I’ve gone carefully through the complaint, and while I’m not a lawyer, I didn’t see any evidence of a quid pro quo between Liberator and the two suppliers. The complaint spends a lot of time discussing why a quid pro quo could have existed (marketing support, rebates, etc) – but provides no evidence that one did exist. While it’s clear Liberator sold a lot of Coloplast and Hollinger products, they also sold a lot of products made by other manufacturers. In addition, Coloplast has what appear to be some of the better external catheters on market, so barring some very explicit internal document, it’s hard for me to see how it could be proven that the company’s weren’t simply providing customers with one of the better product options. At this point none of the internal documents for supplier companies posted as exhibits to the complaint strike me as all that damaging either. It’s also worth noting that many of Liberator’s suppliers offer rebates, which are mentioned in passing in Liberator’s quarterly and annual reports.
That said, I suspect the company would prefer settlement to a jury trial given the uncertainty of outcomes with a jury. In theory violations of the false claims act, which essentially says you can’t bill Medicare if you are breaking Medicare rules, are subject to treble damages. So in trying to assess a worst case, it makes sense to take a guess at how damages could be construed.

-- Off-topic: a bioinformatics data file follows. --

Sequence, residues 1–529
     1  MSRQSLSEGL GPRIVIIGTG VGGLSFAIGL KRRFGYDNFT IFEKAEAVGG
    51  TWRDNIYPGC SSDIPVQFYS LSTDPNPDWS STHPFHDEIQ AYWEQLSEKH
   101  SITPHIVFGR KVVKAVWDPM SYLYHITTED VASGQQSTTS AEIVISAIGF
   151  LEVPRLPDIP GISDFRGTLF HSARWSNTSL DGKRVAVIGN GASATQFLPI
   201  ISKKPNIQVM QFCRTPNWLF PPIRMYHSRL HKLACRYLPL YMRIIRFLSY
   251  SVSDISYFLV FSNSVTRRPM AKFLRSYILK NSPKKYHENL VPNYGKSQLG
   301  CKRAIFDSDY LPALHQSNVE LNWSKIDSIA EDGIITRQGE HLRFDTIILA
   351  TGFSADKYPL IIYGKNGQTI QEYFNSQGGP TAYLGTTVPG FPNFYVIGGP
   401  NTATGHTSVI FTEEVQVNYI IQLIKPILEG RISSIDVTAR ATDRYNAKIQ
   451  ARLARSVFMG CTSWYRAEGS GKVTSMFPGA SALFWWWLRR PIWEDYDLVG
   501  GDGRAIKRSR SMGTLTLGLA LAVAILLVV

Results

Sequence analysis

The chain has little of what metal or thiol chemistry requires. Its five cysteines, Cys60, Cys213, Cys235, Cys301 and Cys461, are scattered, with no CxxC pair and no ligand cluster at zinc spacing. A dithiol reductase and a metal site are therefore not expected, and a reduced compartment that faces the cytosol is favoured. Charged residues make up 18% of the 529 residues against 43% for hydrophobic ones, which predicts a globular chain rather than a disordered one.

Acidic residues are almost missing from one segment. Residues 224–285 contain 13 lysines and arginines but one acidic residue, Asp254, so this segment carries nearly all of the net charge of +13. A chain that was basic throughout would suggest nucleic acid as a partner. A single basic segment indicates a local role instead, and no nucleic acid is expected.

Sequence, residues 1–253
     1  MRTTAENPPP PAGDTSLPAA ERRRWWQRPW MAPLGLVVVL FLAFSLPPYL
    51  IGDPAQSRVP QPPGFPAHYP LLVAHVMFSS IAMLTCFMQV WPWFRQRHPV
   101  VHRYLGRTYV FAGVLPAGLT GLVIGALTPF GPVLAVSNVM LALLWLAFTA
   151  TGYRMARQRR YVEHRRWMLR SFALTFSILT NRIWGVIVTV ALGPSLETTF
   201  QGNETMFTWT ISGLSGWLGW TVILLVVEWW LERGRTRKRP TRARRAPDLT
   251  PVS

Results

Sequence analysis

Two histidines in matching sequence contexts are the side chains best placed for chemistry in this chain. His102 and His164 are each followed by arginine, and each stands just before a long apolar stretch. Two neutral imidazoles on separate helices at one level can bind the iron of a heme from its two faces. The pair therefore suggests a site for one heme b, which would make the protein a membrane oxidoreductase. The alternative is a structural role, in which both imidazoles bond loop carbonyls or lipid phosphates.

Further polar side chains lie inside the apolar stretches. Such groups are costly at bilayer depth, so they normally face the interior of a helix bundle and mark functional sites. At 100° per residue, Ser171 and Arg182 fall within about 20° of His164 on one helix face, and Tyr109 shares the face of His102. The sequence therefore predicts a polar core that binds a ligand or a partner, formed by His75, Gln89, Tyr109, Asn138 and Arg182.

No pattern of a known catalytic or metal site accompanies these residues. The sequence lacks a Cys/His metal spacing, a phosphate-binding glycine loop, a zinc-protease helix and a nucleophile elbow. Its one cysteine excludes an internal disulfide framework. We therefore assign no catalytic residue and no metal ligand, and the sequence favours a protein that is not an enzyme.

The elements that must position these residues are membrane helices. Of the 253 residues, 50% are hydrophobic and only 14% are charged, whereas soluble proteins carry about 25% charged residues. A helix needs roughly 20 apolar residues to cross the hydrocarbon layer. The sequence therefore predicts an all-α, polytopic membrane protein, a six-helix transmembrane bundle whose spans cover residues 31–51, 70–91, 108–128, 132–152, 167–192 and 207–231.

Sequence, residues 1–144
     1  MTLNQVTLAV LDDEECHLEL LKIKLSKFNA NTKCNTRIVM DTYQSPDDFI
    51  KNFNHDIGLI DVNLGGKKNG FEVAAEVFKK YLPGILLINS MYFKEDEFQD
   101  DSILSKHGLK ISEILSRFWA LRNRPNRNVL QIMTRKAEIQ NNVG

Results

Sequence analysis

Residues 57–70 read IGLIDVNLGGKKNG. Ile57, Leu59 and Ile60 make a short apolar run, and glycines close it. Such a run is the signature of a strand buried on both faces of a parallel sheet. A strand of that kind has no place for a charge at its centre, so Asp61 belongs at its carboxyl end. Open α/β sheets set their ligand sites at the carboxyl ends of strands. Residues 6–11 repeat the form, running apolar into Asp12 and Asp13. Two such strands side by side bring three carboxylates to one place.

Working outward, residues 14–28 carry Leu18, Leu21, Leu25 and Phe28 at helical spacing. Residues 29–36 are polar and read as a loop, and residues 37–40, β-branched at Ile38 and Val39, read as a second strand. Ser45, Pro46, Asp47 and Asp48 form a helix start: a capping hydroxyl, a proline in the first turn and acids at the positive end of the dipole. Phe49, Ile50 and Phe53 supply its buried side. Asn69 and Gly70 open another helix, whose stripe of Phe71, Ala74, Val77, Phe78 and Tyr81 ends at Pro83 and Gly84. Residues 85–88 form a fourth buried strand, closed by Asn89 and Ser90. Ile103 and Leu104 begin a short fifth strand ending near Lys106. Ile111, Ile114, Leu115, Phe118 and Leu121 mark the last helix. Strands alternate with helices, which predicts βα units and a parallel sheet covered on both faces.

Liberator does not disclose sales by supplier, but based on the court filings it appears likely that sales to the two suppliers approached $100 million over the last five years, prior to which the company’s sales were quite small. How many of these sales would have occurred absent the alleged illegal rebates? Given what already appears to me to be very thin evidence, let’s say the parties settle on 20% of sales or $20 million. And say those products sold at a 20% average mark up to the most likely substitutable products – so $4 million in billing above what Medicare would have paid had the substitution not occurred. Under the strictest application of the treble damages, Medicare and the co-plaintiffs could ask for payment of $12 million. In reality however, based on a review of other Qui-Nam cases, treble damages appears to be more of a starting point for negotiation. Keep in mind that if the number gets too high, it would be in Liberator and its codefendants’ interest to litigate, and it is fairly unlikely the justice department wants to devote substantial resources to a lengthy court battle with eight catheter suppliers most people have never heard of.